Campaign defends votes on drilling, other bills
BOISE – The latest campaign ad by an outside group targeting an Idaho race features an image of GOP Rep. Bill Sali with a bunch of sheep and charges he’s “hanging with the wrong flock in Washington.”
The commercial, placed by the Democratic Congressional Campaign Committee, uses what’s perhaps a surprising theme to criticize a freshman congressman who’s made waves for frequently voting “no” as part of tiny minorities in the House, often to oppose major spending bills.
The ad cites five of Sali’s votes against Democrat-backed legislation on issues including “pay-as-you-go” rules for House bills and offshore oil drilling, all attempting to show that Sali’s “been with the wrong flock in Washington and it’s hurting Idaho.”
The votes are cited accurately; Sali voted “no” on all five bills, in each case joining more than 100 other GOP House members in opposition. On two, he split with fellow Idaho Republican Rep. Mike Simpson; on the other three, both GOP representatives agreed.
However, Sali’s campaign disputes the general claims in the ad that he’s favored “poor oversight of Wall Street” and “out-of-control spending,” and that he “voted against more offshore drilling but voted to protect billions in tax breaks to big oil.”
Sali spokesman Wayne Hoffman said the congressman voted against a 2007 energy bill for fear it would raise gas prices. “We have not spoken to a single person who believes that raising taxes on the oil industry is somehow going to magically lower gas prices,” he said. “Everyone knows higher taxes are only going to generate higher gas prices.”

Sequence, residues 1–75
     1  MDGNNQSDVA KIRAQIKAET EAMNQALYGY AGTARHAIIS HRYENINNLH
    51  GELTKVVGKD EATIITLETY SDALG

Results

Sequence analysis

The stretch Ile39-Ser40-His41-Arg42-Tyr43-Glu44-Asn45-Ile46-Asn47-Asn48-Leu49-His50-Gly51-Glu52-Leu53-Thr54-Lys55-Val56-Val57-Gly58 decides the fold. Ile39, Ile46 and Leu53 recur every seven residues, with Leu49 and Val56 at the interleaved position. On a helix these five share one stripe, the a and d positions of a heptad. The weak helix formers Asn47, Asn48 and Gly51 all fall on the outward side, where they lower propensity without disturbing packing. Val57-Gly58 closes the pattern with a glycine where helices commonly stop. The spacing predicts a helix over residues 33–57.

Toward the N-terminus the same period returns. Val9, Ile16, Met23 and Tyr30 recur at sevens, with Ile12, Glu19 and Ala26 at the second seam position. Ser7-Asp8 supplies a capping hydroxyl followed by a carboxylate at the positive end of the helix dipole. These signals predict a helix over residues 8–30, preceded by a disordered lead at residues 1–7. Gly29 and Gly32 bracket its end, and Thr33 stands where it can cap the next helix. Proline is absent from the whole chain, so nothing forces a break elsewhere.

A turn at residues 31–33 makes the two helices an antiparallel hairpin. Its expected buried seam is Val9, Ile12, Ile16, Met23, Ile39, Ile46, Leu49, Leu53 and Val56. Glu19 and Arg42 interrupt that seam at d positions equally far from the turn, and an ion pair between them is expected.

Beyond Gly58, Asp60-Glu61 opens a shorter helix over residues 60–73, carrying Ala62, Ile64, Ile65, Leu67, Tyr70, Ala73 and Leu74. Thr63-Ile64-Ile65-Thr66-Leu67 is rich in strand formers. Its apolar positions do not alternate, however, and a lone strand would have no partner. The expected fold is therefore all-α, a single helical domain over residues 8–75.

The Democrat-backed offshore drilling bill that Sali opposed contained too many restrictions, Hoffman said. “That was just another piece of Washington, D.C., baloney, and the Democrats know it,” he said, adding that Sali strongly supports offshore drilling for oil.
Hoffman also termed the Democratic House leadership’s so-called pay-go rules “a bunch of baloney.” The rules, adopted on a 280-152 vote in January 2007, require any bill that includes new spending to identify corresponding cuts, to avoid increasing the national deficit.
“First of all it doesn’t work,” Hoffman said, “because if it did work, our deficit wouldn’t have swelled to half a trillion dollars. … They ignore it whenever they want to, and they’ve ignored it a lot. And secondly, under pay-go, in order to continue the Bush tax cuts you have to raise taxes. That’s ridiculous.”
Simpson voted in favor of the rules.
The other votes cited in the ad include one against 2007 legislation to set up a national licensing system for the residential mortgage industry and set minimum standards for borrowers, which Simpson supported; and one against a bill from Democratic Rep. Barney Frank to require an advisory vote from shareholders on executive compensation, which both Idaho House members opposed.
Sali’s re-election bid is being challenged by Democrat Walt Minnick, a businessman and former Republican who unsuccessfully challenged Idaho Sen. Larry Craig in 1996.
sponsored Jargon is confusing, by definition. And the financial world has its own set of cryptic words.